But it was also good news to the Gentiles because they too could participate in the blessings of the New Covenant without being named members of that covenant. In other words, the Gentiles could also receive Hashem’s grace and mercy through the merit of Rav Yeshua without converting to Judaism and taking on the total body of Jewish praxis.

Paul had a lot of opposition to this Gospel from most of the other Jewish believers, at least as Lancaster tells it (and I agree with him), since their Gospel was one that was indeed good news for the Jews but only good news for the Gentiles if the Gentiles converted to Judaism.

The Jewish PaulJudaism was an official religion in the Roman empire but not so being a God-fearer, so there was a lot of motivation for Gentiles to believe the Gospel that was not Paul’s.

But Paul persevered. He had the support of James, brother of Rav Yeshua, and the Council of Leaders and Elders in Jerusalem, but the diaspora was a big place. It’s even bigger now.

Nothing has changed. We face the same problems Paul did, and I should point out that Paul never came to an ultimate resolution. All of the congregations Paul himself established believed in his Gospel for Jews and Gentiles, but Paul didn’t establish the congregations in Rome.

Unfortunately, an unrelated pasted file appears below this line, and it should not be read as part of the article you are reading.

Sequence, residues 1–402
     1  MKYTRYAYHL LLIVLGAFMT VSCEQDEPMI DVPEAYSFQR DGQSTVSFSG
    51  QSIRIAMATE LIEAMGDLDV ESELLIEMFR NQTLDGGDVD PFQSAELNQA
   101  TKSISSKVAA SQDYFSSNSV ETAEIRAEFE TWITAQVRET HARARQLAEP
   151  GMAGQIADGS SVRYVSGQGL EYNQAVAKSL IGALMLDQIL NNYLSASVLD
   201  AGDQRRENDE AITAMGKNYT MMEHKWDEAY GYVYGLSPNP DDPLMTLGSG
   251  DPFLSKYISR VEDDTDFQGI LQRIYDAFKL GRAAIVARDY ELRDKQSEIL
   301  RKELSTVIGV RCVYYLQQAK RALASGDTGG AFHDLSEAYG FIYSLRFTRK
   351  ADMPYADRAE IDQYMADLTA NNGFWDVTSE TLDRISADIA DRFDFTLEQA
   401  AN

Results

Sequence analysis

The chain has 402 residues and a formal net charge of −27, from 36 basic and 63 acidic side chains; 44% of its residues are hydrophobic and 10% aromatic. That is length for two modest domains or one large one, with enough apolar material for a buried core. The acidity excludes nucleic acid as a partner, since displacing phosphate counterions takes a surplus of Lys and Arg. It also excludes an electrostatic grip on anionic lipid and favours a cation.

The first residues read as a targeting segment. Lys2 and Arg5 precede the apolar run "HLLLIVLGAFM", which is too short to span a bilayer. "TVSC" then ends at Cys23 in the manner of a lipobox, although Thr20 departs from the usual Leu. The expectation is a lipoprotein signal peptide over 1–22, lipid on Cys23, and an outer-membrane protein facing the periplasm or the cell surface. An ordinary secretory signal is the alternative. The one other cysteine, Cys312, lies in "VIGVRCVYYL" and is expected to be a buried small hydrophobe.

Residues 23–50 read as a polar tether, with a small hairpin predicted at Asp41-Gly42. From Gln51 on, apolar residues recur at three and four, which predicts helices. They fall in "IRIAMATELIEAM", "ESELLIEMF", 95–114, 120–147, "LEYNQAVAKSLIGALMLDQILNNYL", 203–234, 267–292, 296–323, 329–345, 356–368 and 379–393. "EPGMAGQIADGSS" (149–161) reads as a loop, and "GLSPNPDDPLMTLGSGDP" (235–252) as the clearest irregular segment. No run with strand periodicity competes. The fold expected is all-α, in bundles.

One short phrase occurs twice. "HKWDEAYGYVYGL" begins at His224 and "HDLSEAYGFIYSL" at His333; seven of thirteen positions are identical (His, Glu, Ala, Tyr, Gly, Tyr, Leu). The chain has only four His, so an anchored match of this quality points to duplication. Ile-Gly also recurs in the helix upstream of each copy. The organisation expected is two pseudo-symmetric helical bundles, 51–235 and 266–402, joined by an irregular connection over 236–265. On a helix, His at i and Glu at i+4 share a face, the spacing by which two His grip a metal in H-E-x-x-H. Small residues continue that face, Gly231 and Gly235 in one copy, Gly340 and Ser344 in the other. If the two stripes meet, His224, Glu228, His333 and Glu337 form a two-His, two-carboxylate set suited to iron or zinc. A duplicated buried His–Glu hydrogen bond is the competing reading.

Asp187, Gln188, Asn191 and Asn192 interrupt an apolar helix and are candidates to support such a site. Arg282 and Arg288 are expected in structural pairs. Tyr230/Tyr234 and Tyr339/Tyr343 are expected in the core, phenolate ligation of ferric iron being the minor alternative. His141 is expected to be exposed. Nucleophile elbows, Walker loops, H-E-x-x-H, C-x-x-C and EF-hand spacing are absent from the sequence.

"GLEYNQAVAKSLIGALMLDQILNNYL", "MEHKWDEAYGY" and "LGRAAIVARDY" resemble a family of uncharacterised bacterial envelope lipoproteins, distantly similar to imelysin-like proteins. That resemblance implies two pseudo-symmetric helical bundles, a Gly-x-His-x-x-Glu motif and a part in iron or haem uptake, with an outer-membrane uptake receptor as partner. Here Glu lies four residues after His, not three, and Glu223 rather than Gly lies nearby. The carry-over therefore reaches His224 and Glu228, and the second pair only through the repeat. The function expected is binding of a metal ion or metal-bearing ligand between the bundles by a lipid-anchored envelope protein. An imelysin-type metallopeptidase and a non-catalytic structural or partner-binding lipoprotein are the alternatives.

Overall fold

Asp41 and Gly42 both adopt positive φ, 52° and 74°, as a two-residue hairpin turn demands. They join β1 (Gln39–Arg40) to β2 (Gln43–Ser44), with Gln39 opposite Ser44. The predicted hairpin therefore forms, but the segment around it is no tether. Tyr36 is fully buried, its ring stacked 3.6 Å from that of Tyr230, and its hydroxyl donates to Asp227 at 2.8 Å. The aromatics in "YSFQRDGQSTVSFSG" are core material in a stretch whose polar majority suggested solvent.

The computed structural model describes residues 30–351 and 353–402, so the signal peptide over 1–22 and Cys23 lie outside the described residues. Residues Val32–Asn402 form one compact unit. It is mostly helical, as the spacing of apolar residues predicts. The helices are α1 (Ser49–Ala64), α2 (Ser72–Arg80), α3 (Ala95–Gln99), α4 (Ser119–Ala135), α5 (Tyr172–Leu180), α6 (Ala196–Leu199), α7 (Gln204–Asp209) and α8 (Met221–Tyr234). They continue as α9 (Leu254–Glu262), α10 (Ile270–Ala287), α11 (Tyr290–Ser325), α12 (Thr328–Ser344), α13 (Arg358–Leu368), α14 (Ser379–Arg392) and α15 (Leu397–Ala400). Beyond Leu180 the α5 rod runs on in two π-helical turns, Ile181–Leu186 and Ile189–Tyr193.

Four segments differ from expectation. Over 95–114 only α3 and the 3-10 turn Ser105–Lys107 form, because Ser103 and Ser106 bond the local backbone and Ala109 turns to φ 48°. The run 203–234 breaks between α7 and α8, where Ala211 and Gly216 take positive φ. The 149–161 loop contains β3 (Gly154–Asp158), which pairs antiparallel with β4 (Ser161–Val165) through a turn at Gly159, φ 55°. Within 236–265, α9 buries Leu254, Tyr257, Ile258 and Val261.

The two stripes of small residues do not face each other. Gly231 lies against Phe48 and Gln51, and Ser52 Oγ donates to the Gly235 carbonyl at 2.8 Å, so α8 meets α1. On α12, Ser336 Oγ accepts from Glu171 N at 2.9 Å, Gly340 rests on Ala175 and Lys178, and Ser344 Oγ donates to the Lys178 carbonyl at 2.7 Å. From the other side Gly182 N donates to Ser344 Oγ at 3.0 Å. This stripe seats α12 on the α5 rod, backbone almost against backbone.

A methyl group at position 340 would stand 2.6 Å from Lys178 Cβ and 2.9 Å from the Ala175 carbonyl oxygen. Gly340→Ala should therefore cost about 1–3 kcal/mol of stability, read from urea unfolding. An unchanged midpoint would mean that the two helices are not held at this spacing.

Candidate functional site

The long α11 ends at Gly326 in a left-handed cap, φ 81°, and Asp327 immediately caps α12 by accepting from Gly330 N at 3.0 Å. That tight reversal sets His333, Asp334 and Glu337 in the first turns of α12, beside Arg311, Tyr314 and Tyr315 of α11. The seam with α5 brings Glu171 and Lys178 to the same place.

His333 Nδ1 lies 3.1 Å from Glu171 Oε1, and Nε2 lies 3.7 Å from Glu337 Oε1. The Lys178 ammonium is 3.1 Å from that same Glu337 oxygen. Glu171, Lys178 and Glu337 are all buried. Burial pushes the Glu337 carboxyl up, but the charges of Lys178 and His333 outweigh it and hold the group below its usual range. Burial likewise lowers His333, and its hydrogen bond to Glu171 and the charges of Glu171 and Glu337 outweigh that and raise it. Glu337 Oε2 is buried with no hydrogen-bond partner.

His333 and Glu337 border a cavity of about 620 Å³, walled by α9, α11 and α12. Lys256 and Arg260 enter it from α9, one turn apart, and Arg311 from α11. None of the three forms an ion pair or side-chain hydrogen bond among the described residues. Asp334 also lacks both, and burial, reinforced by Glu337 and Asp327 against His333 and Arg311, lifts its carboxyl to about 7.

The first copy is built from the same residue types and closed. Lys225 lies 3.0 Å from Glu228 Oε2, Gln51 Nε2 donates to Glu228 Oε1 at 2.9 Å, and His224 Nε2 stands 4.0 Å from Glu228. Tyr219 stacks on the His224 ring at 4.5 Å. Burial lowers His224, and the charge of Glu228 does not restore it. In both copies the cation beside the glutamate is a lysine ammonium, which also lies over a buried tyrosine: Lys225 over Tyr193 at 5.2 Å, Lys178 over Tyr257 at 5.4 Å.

Nor did he establish (at least not directly) the Messianic congregations, and certainly not the mainstream Christian churches of today (though those churches probably believe something different). Paul probably would have no idea what was going on in a modern church service if he could visit one today. And while maybe he would have some difficulty with a modern Messianic Jewish service, even one closely modeled on traditional Orthodox Jewish practice, he would understand very well the problems facing believing Jews and Gentiles.

That’s what this sermon reminded me of. It reminded me why I no longer affiliate with any organized religious community (well, there are many reasons actually). It also reminded me that he truly believed I should be part of the club. Not me personally, but Gentiles like me. That we could come to faith and be disciples of Yeshua, and it’s okay if we’re not Jewish. He didn’t even have a problem with Jews and Gentiles worshiping together. Only his believing Jewish contemporaries did.

Yeah, just like today.

Thanks be to Yeshua for choosing Paul to be his special emissary to the Gentiles. Thanks be to Paul for staying the course, not giving in to peer pressure or any other kind of pressure, and being a relentless defender of both his people the Jews, but of those of us on the outside, the Gentiles who are attracted to the God of Israel by way of Jewish teachings and practice.